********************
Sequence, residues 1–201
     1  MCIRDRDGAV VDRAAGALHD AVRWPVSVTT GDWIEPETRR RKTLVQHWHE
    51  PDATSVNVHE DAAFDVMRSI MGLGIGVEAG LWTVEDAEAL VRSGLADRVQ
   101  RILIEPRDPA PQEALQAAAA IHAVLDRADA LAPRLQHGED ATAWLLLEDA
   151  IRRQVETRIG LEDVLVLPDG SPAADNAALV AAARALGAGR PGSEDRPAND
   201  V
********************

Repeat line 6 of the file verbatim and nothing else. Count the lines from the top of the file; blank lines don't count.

   201  V